This morning’s Gospel reading is Matthew 21:28–32:

Jesus said to the chief priests and elders of the people: “What is your opinion? A man had two sons. He came to the first and said, ‘Son, go out and work in the vineyard today.’ He said in reply, ‘I will not,’ but afterwards changed his mind and went. The man came to the other son and gave the same order. He said in reply, ‘Yes, sir,’ but did not go. Which of the two did his father’s will?” They answered, “The first.” Jesus said to them, “Amen, I say to you, tax collectors and prostitutes are entering the kingdom of God before you. When John came to you in the way of righteousness, you did not believe him; but tax collectors and prostitutes did. Yet even when you saw that, you did not later change your minds and believe him.”

For the second week in a row, the Gospel and the readings invite us to explore the issue of fairness. What do we mean by fairness? To the human mind — in principle, anyway — it usually refers to a balance between justice and mercy. And we understand fairness  almost from the moment of consciousness, because it enters into virtually every communal exchange in human experience, in one way or another.

Unfortunately, we understand it from a human, self-centered point of view. Fairness usually means fair to me more than fair overall; perhaps more generously, we can’t see past our own needs and desires well enough to grasp fairness more broadly. Or it might be that we see fairness as a balance between justice and mercy, when from the divine perspective there is no need to balance the two at all.

In today’s Gospel, much like last week’s, we see the conflict between the human point of view of fairness and the divine. In both parables, Jesus uses work to make a point about salvation, the need for perseverance, and the mercy of the Lord’s forgiveness. Last week, Jesus painted the scene of workers in the field, all of whom received the same reward even though they began their work at different times. The workers who started earlier objected to this treatment, feeling that they should have been given a greater reward — but the master reminds them that they agreed to those wages when they began, and what the others received shouldn’t be their concern. The point in that parable was that the reward of salvation is the same for all of us, no matter when we commit ourselves to the kingdom of God.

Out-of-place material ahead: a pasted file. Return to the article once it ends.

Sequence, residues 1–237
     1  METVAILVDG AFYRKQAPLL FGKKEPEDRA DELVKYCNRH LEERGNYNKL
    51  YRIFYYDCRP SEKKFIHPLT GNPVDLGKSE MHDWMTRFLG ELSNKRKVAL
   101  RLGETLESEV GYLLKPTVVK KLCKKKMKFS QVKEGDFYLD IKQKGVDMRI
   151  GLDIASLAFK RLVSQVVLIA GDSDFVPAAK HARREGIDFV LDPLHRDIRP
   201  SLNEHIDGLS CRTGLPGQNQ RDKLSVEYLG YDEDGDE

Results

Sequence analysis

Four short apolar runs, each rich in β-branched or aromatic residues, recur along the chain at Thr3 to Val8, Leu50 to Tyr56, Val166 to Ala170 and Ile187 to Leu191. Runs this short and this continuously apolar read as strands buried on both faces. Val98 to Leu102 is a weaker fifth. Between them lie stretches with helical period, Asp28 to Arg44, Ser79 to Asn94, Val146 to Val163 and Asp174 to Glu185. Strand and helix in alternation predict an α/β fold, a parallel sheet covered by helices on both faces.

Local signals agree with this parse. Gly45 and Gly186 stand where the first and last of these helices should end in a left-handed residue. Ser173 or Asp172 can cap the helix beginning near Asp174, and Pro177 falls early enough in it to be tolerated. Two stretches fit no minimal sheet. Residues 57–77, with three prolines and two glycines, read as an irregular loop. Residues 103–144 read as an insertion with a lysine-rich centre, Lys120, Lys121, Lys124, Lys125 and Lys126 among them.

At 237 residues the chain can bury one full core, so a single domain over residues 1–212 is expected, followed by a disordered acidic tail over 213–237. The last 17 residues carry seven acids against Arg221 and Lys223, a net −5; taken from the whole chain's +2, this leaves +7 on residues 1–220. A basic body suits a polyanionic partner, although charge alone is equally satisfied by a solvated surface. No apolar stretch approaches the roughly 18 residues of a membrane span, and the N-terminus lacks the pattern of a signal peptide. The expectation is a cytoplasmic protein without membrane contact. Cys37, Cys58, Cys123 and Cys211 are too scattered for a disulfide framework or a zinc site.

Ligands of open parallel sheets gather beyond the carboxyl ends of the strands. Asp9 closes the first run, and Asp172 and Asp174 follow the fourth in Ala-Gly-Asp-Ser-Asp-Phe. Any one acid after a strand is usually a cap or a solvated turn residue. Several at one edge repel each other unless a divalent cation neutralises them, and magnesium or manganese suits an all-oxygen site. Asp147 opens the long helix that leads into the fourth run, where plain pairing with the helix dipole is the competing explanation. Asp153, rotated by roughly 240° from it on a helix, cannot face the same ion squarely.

Today’s parable takes the issue from another angle, that of rebellion and commitment. The one son openly rebels but repents and follows his father’s order. The other son agrees to do his father’s will but then rejects the father. Jesus challenges the priests and elders to say which son did the father’s will, and they correctly choose the first one – even though he came to that obedience late.

One can look at this parable from a couple of angles. Jesus uses it to make the point that sinners are grasping salvation better than the priests and temple authorities by repenting, a warning that they were missing the Messiah and His true nature and mission. One can also look at the two sons as the new church of sinners and Gentiles and the old “church” of Israelites, too.

However, all of these interpretations also reflect on the idea of fairness. The priests and elders enforced the Law; how was it fair that they were left behind? The Israelites had endured for millennia in worship of the Lord, albeit imperfectly; was it fair that they were about to be supplanted in salvation by sinners among them, but also by Gentiles?